Once the properties sheet is open, click on the “Access” tab, then click on the “Relay” button.

Ensure that only localhost (127.0.0.1) – the server itself, and the Server’s IP address internally are in the list. So in this case 127.0.0.1 and 192.168.16.2 are in the list, with the option “Only the computers below” selected. Then untick the check box below that list (Allow all computers which successfully authenticate to relay, regardless of the list above). This makes sure that only the server can relay mail. Obviously the situation depends on how your network is setup, so as long as you don’t have other mail servers connecting to this exchange server then you should be safe un-ticking this option. See image below :

relay_access1

Click Ok, and then Ok once again. Open My computer, and browse to your exchange server’s queue folder. This is usually in C:\Program Files\Exchsrvr\Mailroot\vsi 1\Queue

You would probably have thousands of files in here, so re-name the Queue folder to Queue_old or something like that, and create a new folder called “Queue” in it’s place. This will ensure a clear queue for when we re-enable the SMTP service.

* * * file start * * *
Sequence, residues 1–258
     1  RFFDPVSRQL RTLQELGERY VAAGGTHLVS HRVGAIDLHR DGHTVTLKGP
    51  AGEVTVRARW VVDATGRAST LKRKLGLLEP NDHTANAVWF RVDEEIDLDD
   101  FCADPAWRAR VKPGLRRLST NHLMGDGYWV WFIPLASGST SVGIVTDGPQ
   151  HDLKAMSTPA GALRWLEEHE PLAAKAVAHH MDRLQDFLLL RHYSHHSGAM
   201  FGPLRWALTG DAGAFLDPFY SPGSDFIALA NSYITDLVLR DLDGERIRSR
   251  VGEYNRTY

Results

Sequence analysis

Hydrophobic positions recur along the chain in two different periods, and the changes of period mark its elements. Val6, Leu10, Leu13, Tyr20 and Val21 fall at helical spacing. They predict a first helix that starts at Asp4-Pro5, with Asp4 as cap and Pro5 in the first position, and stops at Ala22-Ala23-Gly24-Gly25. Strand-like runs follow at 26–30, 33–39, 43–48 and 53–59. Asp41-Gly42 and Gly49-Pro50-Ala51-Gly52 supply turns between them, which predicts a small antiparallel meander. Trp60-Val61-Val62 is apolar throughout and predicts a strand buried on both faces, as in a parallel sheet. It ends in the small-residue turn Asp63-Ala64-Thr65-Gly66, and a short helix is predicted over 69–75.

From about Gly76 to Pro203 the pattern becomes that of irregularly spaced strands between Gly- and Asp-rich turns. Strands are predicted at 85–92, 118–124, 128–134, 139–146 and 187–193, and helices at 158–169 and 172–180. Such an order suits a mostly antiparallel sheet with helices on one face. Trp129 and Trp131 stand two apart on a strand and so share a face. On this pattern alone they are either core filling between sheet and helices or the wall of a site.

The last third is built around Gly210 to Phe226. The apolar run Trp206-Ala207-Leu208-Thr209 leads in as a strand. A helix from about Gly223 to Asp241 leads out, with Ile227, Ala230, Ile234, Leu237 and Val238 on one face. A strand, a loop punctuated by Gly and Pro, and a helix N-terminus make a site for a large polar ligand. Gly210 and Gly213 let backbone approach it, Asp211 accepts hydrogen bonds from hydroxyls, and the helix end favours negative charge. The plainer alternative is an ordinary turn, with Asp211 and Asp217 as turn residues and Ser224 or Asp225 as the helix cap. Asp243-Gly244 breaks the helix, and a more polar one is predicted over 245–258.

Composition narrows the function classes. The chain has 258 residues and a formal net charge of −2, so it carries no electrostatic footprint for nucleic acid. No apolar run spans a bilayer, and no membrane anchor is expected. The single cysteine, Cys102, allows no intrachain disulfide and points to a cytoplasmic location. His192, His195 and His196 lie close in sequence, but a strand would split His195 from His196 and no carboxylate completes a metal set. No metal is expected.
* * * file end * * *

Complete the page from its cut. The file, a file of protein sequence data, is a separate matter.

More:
Now go to your Services again, and Start the SMTP service, by right-clicking Simple Mail Transport Protocol, and clicking the Start option.

If all goes well, your queues should stay clear of any bad mail, and your network should be able to send mail again.

How to add a user as a local administrator using Windows Server 2008

The computer management console for Server 2008 has changed slightly between now and Windows Server 2003. I was trying to ensure a particular user was setup as a local administrator on a Windows 2008 Small Business Server today, and couldn’t find the option to do this via the GUI. Anyway, for those wondering how this is done using the command prompt, here is the solution.

First you need to run command prompt as an Administrator. Open Computer, go to your C: drive, and navigate to your Windows\System32 directory. Find “cmd.exe” right click on it, and select the run as Administrator option. Once at the command prompt, type the following :

net localgroup Administrators /add (domain)\(username)

(Obviously replace (domain)\(username) with your domainname\username that you want to be the local admin) – That is without the brackets.

You should get a message saying the command completed successfully. If you get an access denied error, you more than likely have not run cmd.exe as an administrator.

Be sure to run cmd.exe as administrator.

Winter is here! Testing the picture gallery plugin.

We went down to the local commons today, to see if the lakes would be frozen. We got there in the early afternoon, and my car temperature was already reading -2 degrees Celsius! I managed to get some decent photos taken, and so did the girlfriend. Today was the first time I had to fully kit myself out in my winter attire. Once at the lake, we were able to walk across the entire expanse of frozen water, and spent a few minutes hitting ice blocks around with sticks on the ice.